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Present Perfect

Giving Green Mountain gifts to gearheads


Published December 17, 2008 at 6:19 a.m.

Let’s face it: In the next week, you’re not going to knit your loved ones a sweater or build them a birdhouse. It’s time to spend some money, as painful as the prospect may be. But for good outdoorsy boys and girls, there are plenty of Vermont-made products that can give back to the state, too. Here are some ideas for the skiers, slackliners, snowshoers, snowboarders, sledders, canoers and anglers on your list.

Winter Readers

Recipients of A Mountain Love Affair: The Story of Mad River Glen ($49.99;, by Mary K. Kerr, won’t find a steamy romance inside. Instead, this 221-page tome is a scrapbook of sorts, published by the resort’s owners and filled with memories and photo records of its nearly 60 years. (Kerr, former editor of The Valley Reporter and a resident of the Mad River Valley, fills many of the pages with lively historical accounts of the ski area.) For any Vermont skier — or snowboarder who’s managed to poach Mad River Glen — A Mountain Love Affair should be a fine addition to the coffee table.


In the 1980s, a couple of rock climbers killing time between cliffs starting practicing their balance skills on parking-lot chains. While it’s gotten a bit more systematic since then, the sport of slacklining is still one of the easiest and cheapest in the world. Simply stretch some webbing between two fixed points and walk across — think tightrope walking for GoreTex types. Gibbon, a new company in Huntington, makes a slackline from nylon webbing and a ratcheting tensioner (from $79.90; Its 50-millimeter width is double that of traditional slacklines, making it a simpler stroll. Just don’t try it for the first time — or ever, for that matter — over a chasm like Huntington Gorge.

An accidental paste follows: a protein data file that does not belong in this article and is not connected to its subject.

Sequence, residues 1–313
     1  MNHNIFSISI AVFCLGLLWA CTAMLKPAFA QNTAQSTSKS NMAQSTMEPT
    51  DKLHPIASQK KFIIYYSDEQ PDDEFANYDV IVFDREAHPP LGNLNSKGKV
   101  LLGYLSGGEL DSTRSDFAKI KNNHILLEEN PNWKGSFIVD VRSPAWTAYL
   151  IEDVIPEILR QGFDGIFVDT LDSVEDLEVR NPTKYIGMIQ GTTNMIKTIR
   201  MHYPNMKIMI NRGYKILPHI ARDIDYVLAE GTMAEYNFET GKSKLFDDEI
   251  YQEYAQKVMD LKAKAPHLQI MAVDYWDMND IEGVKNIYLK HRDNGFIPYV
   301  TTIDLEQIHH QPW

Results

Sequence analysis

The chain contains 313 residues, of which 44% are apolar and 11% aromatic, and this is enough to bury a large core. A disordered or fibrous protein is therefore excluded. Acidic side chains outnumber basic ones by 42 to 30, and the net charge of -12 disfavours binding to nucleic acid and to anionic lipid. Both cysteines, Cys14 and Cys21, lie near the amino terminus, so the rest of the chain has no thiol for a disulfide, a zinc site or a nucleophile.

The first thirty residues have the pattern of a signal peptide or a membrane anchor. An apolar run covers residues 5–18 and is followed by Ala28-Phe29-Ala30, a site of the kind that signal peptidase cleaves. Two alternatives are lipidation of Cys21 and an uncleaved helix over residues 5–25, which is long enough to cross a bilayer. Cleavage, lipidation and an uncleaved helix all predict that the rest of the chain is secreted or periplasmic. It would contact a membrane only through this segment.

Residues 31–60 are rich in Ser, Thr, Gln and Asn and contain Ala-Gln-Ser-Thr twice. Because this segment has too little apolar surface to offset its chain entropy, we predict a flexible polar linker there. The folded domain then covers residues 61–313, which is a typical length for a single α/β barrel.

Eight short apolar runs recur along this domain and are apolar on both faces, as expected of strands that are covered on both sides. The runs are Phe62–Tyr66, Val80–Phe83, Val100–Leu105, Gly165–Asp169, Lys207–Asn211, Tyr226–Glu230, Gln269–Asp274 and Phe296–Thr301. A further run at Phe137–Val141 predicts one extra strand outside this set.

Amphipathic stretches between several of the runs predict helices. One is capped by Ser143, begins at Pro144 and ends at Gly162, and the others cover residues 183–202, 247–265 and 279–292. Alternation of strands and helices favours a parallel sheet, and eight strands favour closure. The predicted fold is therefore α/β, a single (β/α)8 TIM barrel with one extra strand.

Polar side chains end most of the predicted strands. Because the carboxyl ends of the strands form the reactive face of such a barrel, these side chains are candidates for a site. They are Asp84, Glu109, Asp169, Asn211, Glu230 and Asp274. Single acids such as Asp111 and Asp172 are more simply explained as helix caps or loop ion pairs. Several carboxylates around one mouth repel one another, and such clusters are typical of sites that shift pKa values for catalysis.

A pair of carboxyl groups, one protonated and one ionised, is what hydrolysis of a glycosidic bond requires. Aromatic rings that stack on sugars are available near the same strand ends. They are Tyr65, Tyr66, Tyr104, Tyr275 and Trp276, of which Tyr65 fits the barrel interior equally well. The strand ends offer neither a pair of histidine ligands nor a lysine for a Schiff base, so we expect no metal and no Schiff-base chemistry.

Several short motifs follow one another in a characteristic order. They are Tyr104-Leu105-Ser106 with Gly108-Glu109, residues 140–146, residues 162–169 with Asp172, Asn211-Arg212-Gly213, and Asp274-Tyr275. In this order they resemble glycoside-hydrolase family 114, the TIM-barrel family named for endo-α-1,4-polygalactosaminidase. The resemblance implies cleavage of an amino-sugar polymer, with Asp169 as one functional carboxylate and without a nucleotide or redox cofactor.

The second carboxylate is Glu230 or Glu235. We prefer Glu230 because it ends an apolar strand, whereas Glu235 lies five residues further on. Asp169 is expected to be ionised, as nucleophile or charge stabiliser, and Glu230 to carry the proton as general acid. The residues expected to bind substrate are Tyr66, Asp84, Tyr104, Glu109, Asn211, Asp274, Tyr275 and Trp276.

Hardy Hikers

If Camel’s Hump seems forbidding in winter, you’re not looking at it right. The cold weather means you’ll meet no leaf-peeping tourists conga-lining up the mountain; instead, the hike is hushed and magical, with animal tracks on the trail and snow-laden branches lining most of the route. But unless you want to be post-holing the whole way up, it’s best to hike in snowshoes such as the new Over the Top model from Williston-based TSL Snowshoes ($219; The climbing heel is designed to reduced tired calves and feet, and steel crampons at the shoes’ front and rear ends ensure you won’t end up on your rear.

Friends with Cold Feet

Most of us who grew up pulling on two or three pairs of hose to keep our feet warm and dry in our (too tight) ski boots have since wised up and learned the ways of thin, technical ski and snowboarding socks. But now, into a world of drab, neutral colors come the bold and bright, polka-dot and plaid patterns from eesa, the Waterbury-headquartered company that makes products for “lux layering.” The $20 socks ( make a great stocking stuffer — and are stylish enough to serve as the Christmas stockings themselves. Also in the sock department, I’ve been eyeing the Life-Style series from Northfield’s Darn Tough Vermont ($18; The kicking-around socks are made from the same merino wool as the company’s performance series, and they’re perfect for keeping tootsies toasty in homes with chilly floors (like mine).